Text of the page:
COMPIEGNE, France (VN) — Frenchman Sylvain Chavanel has an absolute green light to lead Omega Pharma-Quick Step in Paris-Roubaix Sunday. With Tom Boonen out with a cracked rib and the Belgian team’s full backing, it is up to him to rebound from Ronde van Vlaanderen.
Chavanel sat in perfect position on the Kwaremont last week, but saw eventual winner Fabian Cancellara (RadioShack-Leopard) ride clear with Peter Sagan (Cannondale). He saved himself for the unfavorable sprint and managed 13th.
The result was less than ideal and added to the team’s problems. Only 19km into the race, it lost its leader and three-time winner Boonen to a crash. Despite the blows, Chavanel said he is motivated to take on Roubaix.
“It’s not that there’s less motivation. Maybe that affected a lot of people on the team, me too,” Chavanel said in a press conference Friday. “We’re still motivated, we’ve still got eight riders on the team, and if I wasn’t motivated, I’d go home.”
Chavanel played down his leadership role. After Boonen’s crash, though, he is the de facto leader and has the very heavy weight of salvaging Omega Pharma’s spring campaign.
“I’m just sure that I’ll be a good card on Sunday,” Chavanel said. “I haven’t necessarily claimed a certain role on the team. I don’t need eight riders at my side to protect me; one is enough. I don’t really like this position where a whole team is sacrificed for one rider.”
Pushed, he acknowledged that behind the heavy favorite, Cancellara, he stands an equal chance of winning with a handful of other riders.
“I think Taylor Phinney, he could be up there, but beyond that, I think Juan Antonio Flecha, Filippo Pozzato … Chavanel.”
Dutch champion Niki Terpstra will be Omega Pharma’s plan B.
The heavy favorite
Cancellara destroyed everyone in Ronde. Only Sagan was able to stay with the Swiss specialist on the Kwaremont, but he too became dislodged shortly after on the Paterberg.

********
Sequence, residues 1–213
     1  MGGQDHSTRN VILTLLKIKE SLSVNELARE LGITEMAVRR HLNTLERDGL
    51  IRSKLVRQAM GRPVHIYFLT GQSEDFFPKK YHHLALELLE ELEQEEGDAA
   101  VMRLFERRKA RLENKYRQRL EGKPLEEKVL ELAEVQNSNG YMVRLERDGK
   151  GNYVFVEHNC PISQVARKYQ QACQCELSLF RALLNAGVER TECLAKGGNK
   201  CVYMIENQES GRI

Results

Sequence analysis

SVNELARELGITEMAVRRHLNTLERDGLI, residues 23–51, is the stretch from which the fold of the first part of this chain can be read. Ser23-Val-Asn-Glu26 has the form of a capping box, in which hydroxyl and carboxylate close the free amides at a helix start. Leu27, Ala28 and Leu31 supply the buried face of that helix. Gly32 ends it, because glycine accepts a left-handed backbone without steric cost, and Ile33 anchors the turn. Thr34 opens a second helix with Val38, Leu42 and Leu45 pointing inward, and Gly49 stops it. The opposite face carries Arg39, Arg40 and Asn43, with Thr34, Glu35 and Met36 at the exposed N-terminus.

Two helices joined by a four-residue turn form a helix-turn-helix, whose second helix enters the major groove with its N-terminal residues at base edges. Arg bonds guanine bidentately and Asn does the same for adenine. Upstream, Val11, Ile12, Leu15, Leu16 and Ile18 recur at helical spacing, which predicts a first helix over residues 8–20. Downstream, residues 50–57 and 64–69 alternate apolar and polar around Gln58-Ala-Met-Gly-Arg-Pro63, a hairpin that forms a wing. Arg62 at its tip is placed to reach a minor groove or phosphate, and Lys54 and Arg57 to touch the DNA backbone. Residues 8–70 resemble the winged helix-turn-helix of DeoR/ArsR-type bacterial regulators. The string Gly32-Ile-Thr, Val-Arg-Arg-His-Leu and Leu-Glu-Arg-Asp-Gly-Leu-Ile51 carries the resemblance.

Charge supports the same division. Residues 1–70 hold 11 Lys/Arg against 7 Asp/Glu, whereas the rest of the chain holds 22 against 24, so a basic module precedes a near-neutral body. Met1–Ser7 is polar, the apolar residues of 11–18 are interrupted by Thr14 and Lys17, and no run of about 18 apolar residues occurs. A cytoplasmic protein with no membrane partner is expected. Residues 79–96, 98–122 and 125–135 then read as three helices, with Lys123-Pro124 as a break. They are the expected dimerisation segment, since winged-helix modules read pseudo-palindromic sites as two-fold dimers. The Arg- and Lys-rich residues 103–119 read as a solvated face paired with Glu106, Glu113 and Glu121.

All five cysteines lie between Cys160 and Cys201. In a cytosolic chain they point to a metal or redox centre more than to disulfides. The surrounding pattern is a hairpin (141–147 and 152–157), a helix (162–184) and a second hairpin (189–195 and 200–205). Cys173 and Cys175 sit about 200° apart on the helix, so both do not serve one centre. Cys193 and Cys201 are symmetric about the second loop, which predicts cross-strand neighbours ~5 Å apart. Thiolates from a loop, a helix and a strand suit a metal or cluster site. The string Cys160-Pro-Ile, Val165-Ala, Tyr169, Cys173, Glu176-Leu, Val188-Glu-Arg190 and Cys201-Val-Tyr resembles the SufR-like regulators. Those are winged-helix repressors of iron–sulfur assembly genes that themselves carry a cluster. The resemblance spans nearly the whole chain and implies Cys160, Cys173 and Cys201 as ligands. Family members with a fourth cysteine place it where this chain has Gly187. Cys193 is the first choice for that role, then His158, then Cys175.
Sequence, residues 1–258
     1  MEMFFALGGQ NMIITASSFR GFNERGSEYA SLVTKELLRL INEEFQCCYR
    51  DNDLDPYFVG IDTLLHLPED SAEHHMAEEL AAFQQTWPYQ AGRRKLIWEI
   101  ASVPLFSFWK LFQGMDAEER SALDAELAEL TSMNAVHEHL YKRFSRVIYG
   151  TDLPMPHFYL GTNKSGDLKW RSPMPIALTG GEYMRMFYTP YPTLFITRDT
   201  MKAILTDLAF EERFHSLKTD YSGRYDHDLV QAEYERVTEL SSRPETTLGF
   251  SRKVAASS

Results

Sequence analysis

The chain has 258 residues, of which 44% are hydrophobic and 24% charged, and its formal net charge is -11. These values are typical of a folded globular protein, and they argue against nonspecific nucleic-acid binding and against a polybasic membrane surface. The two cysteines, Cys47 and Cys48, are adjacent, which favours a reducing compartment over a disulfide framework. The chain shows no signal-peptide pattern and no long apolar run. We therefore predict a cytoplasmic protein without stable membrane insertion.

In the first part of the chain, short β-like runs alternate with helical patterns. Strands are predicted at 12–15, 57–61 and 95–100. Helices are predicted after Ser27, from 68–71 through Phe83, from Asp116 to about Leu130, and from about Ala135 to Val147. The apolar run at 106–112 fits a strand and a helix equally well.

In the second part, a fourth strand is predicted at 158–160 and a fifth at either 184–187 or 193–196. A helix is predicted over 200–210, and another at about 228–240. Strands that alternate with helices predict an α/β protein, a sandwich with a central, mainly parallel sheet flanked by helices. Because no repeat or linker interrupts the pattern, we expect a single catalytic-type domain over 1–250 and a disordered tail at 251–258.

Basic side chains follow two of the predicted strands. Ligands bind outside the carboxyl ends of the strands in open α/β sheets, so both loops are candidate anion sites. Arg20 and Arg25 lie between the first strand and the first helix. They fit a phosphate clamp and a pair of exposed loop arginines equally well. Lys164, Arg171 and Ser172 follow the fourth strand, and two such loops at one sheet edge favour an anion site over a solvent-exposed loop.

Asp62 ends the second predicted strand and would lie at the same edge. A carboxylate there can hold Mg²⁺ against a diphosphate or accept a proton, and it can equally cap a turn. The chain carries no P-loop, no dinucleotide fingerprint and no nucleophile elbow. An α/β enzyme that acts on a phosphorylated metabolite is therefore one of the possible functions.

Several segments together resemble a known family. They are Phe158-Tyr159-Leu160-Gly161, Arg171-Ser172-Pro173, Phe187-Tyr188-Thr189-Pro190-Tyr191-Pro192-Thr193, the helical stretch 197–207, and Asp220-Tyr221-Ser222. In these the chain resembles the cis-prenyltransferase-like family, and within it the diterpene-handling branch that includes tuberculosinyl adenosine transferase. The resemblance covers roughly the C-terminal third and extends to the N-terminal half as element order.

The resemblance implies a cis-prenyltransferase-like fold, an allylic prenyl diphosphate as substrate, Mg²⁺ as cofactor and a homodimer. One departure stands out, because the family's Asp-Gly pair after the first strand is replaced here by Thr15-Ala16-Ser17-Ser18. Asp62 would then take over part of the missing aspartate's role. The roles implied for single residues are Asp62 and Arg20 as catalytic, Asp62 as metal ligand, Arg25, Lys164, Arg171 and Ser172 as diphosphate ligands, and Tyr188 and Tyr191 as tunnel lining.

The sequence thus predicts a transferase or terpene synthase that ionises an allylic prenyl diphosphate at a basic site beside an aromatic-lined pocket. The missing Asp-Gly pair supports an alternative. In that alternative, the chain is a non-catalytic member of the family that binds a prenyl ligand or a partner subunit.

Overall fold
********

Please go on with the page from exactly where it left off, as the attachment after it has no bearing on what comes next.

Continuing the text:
Everyone greeting the crowd at Friday’s team presentation in Compiègne is worried the Cancellara show will continue in northern France.
As regards what happened in Ronde, said Chavanel, “it wasn’t ridiculous, but almost.”
“You can’t give him 2 meters. Otherwise, finished. But he fell Wednesday and he fell Thursday, so it’s never won. You never know.”
Chavanel shook his head at the idea that he could have attacked early in Ronde to put Cancellara on his back foot. It was going too fast, he said, and it would have been a waste of energy. With Boonen, he admitted, it would have been a different story.
Given Cancellara’s emphatic win and the end of the cobbled campaign, Chavanel says that teams will be willing to risk riders and try early moves. Again, the idea is to put Cancellara on the back foot.
“We have a strong team collectively and we have to make the most of that,” Chavanel said. “He’s used to having the whole peloton on his wheel and he knows how to manage that.
“We’ll have to play it intelligently on a tactical level. It’s always a possibility, he’s never sure of winning. I know it can seem that way, but in 2011, Johan Vansummeren won and he was second.”
Chavanel hopes that everything else falls into place — Omega Pharma plays a perfect tactical game, perhaps Cancellara suffers a bit from his crashes — so that he can take advantage of the green light given to him.